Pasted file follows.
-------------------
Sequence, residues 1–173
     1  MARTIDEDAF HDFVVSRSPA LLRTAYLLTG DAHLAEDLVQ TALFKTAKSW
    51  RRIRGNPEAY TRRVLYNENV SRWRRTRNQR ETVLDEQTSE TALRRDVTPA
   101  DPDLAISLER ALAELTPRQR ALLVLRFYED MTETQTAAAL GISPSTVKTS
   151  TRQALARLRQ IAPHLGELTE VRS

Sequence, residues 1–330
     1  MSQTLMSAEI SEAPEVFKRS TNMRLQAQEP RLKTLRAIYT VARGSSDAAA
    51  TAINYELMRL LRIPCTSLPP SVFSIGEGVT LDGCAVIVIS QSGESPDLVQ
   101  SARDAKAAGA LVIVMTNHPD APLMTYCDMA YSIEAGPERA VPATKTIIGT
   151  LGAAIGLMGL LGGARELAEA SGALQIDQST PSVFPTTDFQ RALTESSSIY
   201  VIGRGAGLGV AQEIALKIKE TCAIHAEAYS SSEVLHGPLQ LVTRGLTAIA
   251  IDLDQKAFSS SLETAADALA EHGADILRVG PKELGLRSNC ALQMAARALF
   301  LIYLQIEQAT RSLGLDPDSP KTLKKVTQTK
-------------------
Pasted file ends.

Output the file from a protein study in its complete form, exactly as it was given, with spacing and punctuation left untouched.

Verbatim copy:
Sequence, residues 1–173
     1  MARTIDEDAF HDFVVSRSPA LLRTAYLLTG DAHLAEDLVQ TALFKTAKSW
    51  RRIRGNPEAY TRRVLYNENV SRWRRTRNQR ETVLDEQTSE TALRRDVTPA
   101  DPDLAISLER ALAELTPRQR ALLVLRFYED MTETQTAAAL GISPSTVKTS
   151  TRQALARLRQ IAPHLGELTE VRS

Sequence, residues 1–330
     1  MSQTLMSAEI SEAPEVFKRS TNMRLQAQEP RLKTLRAIYT VARGSSDAAA
    51  TAINYELMRL LRIPCTSLPP SVFSIGEGVT LDGCAVIVIS QSGESPDLVQ
   101  SARDAKAAGA LVIVMTNHPD APLMTYCDMA YSIEAGPERA VPATKTIIGT
   151  LGAAIGLMGL LGGARELAEA SGALQIDQST PSVFPTTDFQ RALTESSSIY
   201  VIGRGAGLGV AQEIALKIKE TCAIHAEAYS SSEVLHGPLQ LVTRGLTAIA
   251  IDLDQKAFSS SLETAADALA EHGADILRVG PKELGLRSNC ALQMAARALF
   301  LIYLQIEQAT RSLGLDPDSP KTLKKVTQTK